Summit County community celebrates Día de los Muertos with vibrant colors, dancing and good food
BRECKENRIDGE — To the Mexican community, Día de los Muertos — or “day of the dead” — is not about mourning loved ones. Instead, it’s about celebrating heritage, ancestry and family.
“It’s about bright colors and having music and having memories and bringing those people back from the afterlife for the few days,” said Elisa Gomez, community outreach coordinator with BreckCreate.
Gomez and the rest of the BreckCreate team worked to gather community members for a socially distant celebration of the Mexican holiday, which takes place from Oct. 31 to Nov. 2. For their sixth annual event, BreckCreate partnered with the Mexican Cultural Center, to host a day of celebration on Saturday, Oct. 24.
Throughout the day, the event featured storytelling and dance performances from members of the community and Grupo Huitzilopochtli, a Denver-based traditional Aztec dancing group.
BreckCreate CEO and President Matt Neufeld said the goal of the event was to make Día de los Muertos accessible for everyone in the community.
“Something that’s important to us is helping others in our community who are not so familiar with (the holiday) find their own personal way into this community and learn more about a really vibrant part of Summit County,” Neufeld said.
In addition to the performances on Saturday, ofrendas, or altars, will be placed around Breckenridge through Sunday, Nov. 1. The ofrendas are one of the most recognizable traditions associated with the holiday.
This year the organizers got community groups to create the ofrendas, which consist of offerings made to familial ancestors. The ofrendas are vibrant and artistic with colorful skeletons, skulls, flags, flowers, candles and food scattered about.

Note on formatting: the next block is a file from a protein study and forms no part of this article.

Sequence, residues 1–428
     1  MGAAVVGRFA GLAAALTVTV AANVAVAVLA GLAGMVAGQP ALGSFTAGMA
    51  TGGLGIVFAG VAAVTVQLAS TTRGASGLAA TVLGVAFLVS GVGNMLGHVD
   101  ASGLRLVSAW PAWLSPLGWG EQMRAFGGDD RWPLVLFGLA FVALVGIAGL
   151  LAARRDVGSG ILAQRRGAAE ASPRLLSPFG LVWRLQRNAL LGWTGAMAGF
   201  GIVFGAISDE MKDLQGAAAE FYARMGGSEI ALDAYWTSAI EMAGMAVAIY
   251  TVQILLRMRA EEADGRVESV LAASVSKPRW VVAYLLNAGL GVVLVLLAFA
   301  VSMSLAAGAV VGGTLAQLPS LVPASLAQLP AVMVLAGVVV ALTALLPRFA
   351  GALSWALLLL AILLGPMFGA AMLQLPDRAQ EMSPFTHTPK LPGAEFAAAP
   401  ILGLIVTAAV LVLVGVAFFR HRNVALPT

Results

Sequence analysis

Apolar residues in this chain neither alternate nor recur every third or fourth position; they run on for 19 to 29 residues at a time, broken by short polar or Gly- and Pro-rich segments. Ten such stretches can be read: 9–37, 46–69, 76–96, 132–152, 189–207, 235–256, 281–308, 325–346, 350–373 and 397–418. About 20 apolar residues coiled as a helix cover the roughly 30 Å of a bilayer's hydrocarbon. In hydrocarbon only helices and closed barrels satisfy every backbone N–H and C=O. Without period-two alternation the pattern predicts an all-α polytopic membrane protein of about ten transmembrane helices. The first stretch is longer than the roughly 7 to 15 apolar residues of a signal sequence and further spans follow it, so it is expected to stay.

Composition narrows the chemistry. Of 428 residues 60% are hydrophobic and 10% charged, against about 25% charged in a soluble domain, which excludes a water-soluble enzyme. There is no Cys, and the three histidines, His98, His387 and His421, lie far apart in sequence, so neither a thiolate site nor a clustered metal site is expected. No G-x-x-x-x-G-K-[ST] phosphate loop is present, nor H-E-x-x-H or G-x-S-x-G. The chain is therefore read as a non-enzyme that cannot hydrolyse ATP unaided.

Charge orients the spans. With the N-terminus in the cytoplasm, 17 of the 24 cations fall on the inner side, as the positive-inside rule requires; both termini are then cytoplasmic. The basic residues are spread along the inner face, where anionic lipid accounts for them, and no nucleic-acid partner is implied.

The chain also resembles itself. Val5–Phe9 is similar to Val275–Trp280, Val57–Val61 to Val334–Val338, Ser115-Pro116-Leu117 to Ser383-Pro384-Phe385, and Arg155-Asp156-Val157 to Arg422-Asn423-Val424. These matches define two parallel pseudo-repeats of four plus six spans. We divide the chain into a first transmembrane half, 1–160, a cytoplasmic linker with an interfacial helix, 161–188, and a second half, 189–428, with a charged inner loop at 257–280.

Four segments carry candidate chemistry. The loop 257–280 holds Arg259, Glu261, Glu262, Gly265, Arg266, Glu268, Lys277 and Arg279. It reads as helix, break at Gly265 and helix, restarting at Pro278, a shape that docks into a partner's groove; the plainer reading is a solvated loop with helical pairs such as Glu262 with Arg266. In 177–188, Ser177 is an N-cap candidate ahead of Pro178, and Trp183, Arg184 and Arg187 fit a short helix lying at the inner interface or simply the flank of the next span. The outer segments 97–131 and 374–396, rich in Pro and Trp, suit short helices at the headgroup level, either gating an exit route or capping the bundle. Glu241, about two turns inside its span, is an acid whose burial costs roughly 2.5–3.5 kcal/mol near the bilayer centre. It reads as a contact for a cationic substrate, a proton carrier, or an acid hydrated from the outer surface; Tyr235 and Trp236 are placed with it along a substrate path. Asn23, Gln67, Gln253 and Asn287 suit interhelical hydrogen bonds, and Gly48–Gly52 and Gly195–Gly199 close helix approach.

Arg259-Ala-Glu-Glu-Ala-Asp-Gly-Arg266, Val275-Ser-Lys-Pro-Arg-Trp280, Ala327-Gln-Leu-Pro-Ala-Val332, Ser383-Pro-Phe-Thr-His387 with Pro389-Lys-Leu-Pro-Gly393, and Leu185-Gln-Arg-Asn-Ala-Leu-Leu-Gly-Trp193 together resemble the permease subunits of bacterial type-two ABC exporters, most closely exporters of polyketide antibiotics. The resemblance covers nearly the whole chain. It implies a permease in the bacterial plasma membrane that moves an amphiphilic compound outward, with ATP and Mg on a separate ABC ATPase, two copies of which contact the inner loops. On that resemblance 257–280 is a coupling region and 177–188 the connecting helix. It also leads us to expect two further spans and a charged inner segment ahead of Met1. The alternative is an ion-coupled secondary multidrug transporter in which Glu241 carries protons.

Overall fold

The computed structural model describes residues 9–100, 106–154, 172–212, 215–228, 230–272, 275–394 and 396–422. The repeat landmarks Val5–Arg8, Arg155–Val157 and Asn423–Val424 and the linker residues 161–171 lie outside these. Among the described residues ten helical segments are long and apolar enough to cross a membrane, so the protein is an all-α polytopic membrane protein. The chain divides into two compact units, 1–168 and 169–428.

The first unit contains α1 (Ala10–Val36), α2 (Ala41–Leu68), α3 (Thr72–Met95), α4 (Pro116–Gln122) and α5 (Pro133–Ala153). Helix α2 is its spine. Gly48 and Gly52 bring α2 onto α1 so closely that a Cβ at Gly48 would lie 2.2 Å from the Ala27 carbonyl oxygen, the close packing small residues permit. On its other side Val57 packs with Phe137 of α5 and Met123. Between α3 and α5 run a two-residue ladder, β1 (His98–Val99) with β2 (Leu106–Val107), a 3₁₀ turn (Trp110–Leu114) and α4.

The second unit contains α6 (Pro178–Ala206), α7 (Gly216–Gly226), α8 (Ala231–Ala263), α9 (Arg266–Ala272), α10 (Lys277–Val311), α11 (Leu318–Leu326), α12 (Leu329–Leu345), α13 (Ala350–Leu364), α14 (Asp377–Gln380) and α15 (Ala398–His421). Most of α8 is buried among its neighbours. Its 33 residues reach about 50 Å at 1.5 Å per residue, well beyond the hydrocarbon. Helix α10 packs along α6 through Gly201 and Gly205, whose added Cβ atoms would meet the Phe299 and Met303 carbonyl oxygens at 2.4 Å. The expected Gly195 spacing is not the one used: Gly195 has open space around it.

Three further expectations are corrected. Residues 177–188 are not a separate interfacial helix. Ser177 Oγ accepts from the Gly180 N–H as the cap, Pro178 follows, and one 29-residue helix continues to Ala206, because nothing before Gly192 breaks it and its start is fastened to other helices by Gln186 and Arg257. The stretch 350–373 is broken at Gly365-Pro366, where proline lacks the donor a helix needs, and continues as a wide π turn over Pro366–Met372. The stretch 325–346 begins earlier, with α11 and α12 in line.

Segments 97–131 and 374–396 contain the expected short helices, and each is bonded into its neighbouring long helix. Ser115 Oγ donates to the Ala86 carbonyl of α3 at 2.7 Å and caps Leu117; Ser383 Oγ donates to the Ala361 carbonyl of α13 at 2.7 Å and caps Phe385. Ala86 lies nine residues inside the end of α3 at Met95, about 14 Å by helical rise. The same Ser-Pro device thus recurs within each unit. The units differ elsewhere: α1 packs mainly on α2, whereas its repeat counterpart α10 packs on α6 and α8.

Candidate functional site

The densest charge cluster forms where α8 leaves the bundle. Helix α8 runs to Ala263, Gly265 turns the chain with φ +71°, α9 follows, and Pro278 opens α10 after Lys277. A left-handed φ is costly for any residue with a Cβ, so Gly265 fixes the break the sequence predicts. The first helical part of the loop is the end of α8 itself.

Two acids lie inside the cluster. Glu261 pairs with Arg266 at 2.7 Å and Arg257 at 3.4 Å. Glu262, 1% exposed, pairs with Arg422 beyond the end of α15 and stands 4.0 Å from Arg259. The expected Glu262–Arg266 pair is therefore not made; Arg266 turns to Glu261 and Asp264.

In an effort to educate the community about the importance and symbolism of the ofrendas, BreckCreate included informational guides with each one that can also be found on the organization’s website.
This year, BreckCreate also enlisted six local restaurants to participate in the culinary aspect of the holiday by offering special Día de los Muertos dishes. While many of the dishes are traditional Mexican food, some restaurants took the opportunity to showcase dishes from other parts of their heritage.
“They did special menus that were food that represented either a special recipe to somebody or just a recipe that goes with the traditions of Día de los Muertos in general,” Gomez said.
The goal of the entire event was to give people an opportunity to celebrate Día de los Muertos in a safe, physically distanced way. The performances on Saturday were all livestreamed on Facebook and people were also able to watch in person.
At the Riverwalk Center people were screened for symptoms, required to wear masks and sit at least 6-feet apart from other groups.
BreckCreate also made a self-guided tour for people interested in viewing the ofrendas throughout town. People can find the locations of the ofrendas and a list of participating restaurants at BreckCreate.org.
“One of the most important things that the arts do is help connect us to one another,” Neufeld said. “This, we see as an extension of that work. Using the arts and celebrating our cultural diversity really helps us feel connected at a time that otherwise it’s very easy to feel isolated as individuals.”
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